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Oncology letters

Association between the ornithine decarboxylase G316A polymorphism and breast cancer survival.


PMID 26171056

Abstract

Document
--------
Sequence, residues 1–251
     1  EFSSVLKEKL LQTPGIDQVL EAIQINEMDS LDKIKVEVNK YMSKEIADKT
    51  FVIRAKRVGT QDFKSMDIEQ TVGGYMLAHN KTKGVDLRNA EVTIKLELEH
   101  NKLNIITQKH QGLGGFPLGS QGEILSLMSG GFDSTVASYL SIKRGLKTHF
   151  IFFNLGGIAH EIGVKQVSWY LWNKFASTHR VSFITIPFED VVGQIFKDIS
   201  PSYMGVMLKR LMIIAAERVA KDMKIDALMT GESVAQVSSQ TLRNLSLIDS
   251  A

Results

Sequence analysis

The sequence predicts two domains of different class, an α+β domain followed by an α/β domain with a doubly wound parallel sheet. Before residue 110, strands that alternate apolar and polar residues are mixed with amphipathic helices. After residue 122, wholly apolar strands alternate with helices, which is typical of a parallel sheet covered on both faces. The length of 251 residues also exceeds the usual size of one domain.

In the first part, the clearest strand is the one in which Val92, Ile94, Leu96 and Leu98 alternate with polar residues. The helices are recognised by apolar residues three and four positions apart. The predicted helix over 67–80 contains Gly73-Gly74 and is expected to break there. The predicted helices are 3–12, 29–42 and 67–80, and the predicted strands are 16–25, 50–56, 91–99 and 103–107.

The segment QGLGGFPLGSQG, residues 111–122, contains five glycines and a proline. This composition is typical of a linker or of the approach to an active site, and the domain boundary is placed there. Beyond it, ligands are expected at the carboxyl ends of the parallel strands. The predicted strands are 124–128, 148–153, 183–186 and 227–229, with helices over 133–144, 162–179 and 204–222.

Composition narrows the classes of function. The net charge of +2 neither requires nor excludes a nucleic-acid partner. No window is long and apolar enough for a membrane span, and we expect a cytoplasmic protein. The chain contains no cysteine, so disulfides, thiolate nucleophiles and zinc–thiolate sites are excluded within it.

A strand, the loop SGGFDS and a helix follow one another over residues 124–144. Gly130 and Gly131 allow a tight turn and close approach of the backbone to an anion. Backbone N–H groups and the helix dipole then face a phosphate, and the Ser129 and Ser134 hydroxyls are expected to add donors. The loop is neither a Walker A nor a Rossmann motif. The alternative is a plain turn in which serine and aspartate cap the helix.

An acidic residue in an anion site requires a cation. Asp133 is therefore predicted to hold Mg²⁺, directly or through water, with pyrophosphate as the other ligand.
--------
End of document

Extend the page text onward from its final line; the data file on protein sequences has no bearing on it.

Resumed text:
Ornithine decarboxylase (ODC) is a significant rate-limiting enzyme in polyamine synthesis, required for normal cell growth, and is highly expressed in various malignancies, including colorectal and breast cancer. In the present study, the associations between the ODC G316A single nucleotide polymorphism (SNP) and breast cancer-specific survival were investigated. In addition, the functional effects of this SNP were examined in the MCF-7 human breast cancer cell line. The present study recruited 300 stage I-III breast cancer cases, which were diagnosed at the Affiliated Cancer Hospital of Zhengzhou University (Zhengzhou, China) between 2002 and 2003, with follow-up visits conducted until May 2013. ODC G316A was genotyped (ODC GG vs. ODC AG/AA) in the 300 cases and the association of the genotypes with cancer-specific survival was analyzed. In the MCF-7 cell line, the ODC allele-specific binding of E-box transcription factors was determined using western blot and chromatin immunoprecipitation assays. Survival differences were observed between the two genotypes: Compared with the ODC GG genotype, patients with ODC GA/AA exhibited significantly higher survival rates (P<0.05). In cultured cells, the ODC SNP, which is flanked by two E-boxes, appeared to predict ODC promoter activity. Furthermore, the E-box activator c-MYC and repressor MAX interactor 1 were found to preferentially bind to ODC minor A-alleles compared with major G-alleles, in cultured MCF-7 cells. In conclusion, the results of the current study suggest that the regulation of ODC may affect survival in breast cancer patients and indicate a model in which the ODC SNP may be protective for breast adenoma recurrence and detrimental for survival following a diagnosis of breast cancer.